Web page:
"You'll never get ahead if you don't take care of what you have." - Doris Waddell, RIP

A historic building on our U of M-Morris campus - morris mn

A historic building on our U of M-Morris campus - morris mn
The multi-ethnic building was the original home of the music department at UMM. (B.W. photo)

Monday, June 30, 2014

Sports used to rely more on "mass" marketing

Steve Cannon (MPR photo)
I remember being at Wells Park for the Little League championship game when Jim Tanner was the P.A. announcer. The major league baseball all-star game was that night. I was present as a media person.
Kirby Puckett was in the all-star game. Emcee Tanner was pleased to share with us all that "Kirby Puckett just singled." Even with the Minnesota Twins as established as they were, I think a lot of us felt some provincial pride about "one of our own," at least one of our own players, getting a hit in the all-star spotlight. We felt similarly when Rod Carew excelled as an all-star.
We were devastated when Harmon Killebrew suffered a serious injury in the 1968 all-star game. I remember I was up in Brainerd at the time. We were more emotionally attached to our big league Twins then. The marketing by baseball was different. The idea in that quaint earlier time was to get everyone to be at least a little bit interested in major league baseball.
"What?" you might ask. "Isn't that elementary?" Well, baseball of course would like everyone to be highly interested. That would be in an ideal world. No business exists in an ideal world. Today we see big league sports marketing itself to its most interested fans and doing quite well by this process.
There was a time when pro basketball couldn't even establish itself here. Remember the Minnesota Muskies? And then the Minnesota Pipers? The old Minneapolis Lakers were big league in name only. One regional historian has looked back on them as being "bush." They played at the old Minneapolis Convention Center, where our family went for sportsmen's shows. I still remember a riveting casting (for fishing) demonstration at the auditorium which was probably where George Mikan's old Lakers played. Sid Hartman drafted for them? Sid should retire and just enjoy it.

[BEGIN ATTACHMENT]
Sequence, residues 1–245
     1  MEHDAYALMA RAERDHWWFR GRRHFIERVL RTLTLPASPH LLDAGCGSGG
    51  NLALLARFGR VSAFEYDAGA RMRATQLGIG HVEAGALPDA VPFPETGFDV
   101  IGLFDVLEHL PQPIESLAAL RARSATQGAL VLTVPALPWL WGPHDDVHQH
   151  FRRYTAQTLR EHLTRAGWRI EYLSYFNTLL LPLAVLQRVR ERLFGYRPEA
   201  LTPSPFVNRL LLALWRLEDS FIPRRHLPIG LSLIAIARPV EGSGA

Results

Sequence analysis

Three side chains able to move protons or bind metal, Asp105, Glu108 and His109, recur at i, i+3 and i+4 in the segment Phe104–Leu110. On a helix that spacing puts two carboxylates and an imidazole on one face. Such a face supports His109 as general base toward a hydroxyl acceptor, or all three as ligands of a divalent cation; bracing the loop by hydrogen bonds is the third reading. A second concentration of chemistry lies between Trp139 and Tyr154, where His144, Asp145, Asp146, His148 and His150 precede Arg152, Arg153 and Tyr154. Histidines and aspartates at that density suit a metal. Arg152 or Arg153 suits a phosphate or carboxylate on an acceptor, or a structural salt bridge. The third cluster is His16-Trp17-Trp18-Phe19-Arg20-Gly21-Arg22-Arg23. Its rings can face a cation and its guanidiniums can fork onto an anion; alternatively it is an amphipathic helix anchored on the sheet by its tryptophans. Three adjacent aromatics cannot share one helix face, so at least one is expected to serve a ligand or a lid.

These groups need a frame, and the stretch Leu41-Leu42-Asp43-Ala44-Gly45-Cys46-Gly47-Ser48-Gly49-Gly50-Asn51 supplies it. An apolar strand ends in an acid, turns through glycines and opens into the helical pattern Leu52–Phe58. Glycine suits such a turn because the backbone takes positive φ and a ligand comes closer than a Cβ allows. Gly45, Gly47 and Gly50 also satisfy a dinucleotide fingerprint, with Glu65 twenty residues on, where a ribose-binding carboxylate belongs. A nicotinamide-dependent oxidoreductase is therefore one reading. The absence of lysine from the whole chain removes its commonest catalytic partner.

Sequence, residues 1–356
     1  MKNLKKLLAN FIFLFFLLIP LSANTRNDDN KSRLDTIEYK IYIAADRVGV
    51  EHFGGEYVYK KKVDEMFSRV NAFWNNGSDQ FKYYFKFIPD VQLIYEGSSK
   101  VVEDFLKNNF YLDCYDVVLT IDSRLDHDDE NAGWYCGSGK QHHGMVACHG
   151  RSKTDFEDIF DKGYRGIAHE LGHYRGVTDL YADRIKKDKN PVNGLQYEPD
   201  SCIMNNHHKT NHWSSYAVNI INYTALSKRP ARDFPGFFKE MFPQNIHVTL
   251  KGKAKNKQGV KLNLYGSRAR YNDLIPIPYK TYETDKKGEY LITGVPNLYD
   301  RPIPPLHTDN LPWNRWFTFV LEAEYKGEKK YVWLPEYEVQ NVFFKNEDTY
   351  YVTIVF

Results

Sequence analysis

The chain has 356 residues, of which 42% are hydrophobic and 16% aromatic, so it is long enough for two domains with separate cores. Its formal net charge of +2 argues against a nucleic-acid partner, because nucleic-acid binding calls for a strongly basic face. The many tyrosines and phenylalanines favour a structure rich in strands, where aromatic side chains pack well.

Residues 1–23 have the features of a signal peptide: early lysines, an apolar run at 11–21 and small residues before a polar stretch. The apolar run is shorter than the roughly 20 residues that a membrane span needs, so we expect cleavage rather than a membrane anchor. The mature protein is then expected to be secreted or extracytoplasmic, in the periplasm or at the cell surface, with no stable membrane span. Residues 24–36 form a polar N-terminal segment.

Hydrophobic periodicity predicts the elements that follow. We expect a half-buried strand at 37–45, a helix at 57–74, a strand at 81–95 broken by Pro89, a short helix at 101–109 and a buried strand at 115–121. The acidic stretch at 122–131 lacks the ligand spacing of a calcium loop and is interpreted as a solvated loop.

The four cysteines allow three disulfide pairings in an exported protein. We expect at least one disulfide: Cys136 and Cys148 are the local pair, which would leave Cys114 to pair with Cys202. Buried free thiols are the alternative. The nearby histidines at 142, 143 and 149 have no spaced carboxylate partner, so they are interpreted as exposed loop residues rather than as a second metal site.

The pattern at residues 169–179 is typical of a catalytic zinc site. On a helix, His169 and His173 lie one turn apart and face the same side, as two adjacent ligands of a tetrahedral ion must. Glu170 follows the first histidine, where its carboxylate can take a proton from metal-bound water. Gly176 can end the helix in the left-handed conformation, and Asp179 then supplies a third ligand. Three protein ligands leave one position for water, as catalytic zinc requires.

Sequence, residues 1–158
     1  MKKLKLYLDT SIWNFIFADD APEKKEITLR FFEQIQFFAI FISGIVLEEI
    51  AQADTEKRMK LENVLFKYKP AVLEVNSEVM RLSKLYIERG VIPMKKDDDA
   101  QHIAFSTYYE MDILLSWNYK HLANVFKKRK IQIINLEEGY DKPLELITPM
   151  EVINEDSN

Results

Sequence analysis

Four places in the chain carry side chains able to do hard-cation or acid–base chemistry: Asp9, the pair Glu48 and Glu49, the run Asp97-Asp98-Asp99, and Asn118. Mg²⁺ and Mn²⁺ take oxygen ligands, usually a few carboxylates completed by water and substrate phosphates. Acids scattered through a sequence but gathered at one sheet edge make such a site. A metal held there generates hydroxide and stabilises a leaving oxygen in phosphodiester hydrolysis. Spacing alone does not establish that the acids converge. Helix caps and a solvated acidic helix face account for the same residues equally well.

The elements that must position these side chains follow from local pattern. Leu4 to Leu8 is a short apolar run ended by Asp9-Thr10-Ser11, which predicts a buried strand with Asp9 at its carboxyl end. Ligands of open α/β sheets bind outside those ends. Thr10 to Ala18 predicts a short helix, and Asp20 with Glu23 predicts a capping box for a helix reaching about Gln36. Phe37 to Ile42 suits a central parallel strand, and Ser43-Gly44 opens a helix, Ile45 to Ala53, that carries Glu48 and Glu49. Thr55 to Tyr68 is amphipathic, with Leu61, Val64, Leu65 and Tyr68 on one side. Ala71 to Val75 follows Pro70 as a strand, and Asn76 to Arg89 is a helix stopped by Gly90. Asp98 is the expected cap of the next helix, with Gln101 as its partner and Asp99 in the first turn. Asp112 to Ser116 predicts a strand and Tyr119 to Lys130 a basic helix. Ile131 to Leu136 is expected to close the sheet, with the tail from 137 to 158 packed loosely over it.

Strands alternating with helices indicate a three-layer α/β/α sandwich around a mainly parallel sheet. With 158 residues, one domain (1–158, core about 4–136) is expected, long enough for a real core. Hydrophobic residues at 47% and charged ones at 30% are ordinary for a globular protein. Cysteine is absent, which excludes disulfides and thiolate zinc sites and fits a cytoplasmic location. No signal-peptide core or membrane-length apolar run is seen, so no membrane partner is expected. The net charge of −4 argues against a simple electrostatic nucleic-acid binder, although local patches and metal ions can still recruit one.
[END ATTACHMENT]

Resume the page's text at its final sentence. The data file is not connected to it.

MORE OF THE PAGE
Today, sports markets itself to the kind of people who watch ESPN for at least a portion of each day. That tells us something about the changes that have helped sports become ever more the money-generating machine. Those changes are based in the media and our new age of electronic communications. It's a world we could hardly have envisioned in the 1960s when I grew up.
 
Those analog days of 'CCO
In the '60s, we associated electronic communications with listening to WCCO AM radio - Steve Cannon, Boone and Erickson et al. Franklin Hobbs was the sedative with how he came across on the radio airwaves late at night. A friend and I enjoyed mimicking him - his deliberate pauses and shameless plugs, for example. Oh, but we quite enjoyed all those personalities.
Steve Cannon did his impressions that were so good, many listeners reportedly weren't aware they were impressions. Didn't "Morgan Mundane" hang around at the pool hall? Cannon and his earthy sidekick "Morgan" talked about the Vikings a lot.
Boone and Erickson gave us the great "Senator from 'CCO Land," who'd proclaim "my opponent is a scoundrel. . .and a liar!" (He'd pronounce it "LY-ah.")
"But Senator, you're not up for re-election this year."
And then, a stunned "huh?"
Those were the days when the media crafted entertainment to try to appeal to everyone. On 'CCO the system worked nicely. Much of the time the approach had a watered-down quality. We'd hear "canned laughter" on TV shows for skits and monologues, like on the Rich Little Show, that weren't funny at all. It could get depressing. Today entertainment is crafted for niche markets.
I remember back when the number of TV channels available in your average home began multiplying. Those were the times when "It's a Wonderful Life" became a Christmas classic, in contrast to when it was a current movie and considered not all that good. In the '80s it was in the "public domain," i.e. cheap to run, and filled lots of time for certain channels in the new TV universe. So today we speak of the movie like it's a classic.
At the same time, we noticed that a lot of non-Minnesota baseball games were showing up on "the tube." The Atlanta Braves in particular. And eventually, teams from both leagues who in a previous time we really only heard about in detached media reports.
Why is it that my generation was thrilled so much by anticipating the all-star game? We could see players who we read about but only rarely saw on TV in a live broadcast. By "rare" I mean about twice a summer. Players like Roberto Clemente. We could see them if their teams made the World Series. There were no divisional playoffs before 1969. The players themselves lived in a different universe through the '60s before the Curt Flood legal case changed the playing field, as it were. There was considerable doomsaying. It's true that the Calvin Griffith family wasn't going to cut it anymore in the new megabucks world. Bowie Kuhn called them "church mice." Kuhn was a nice guy but he worked for the owners.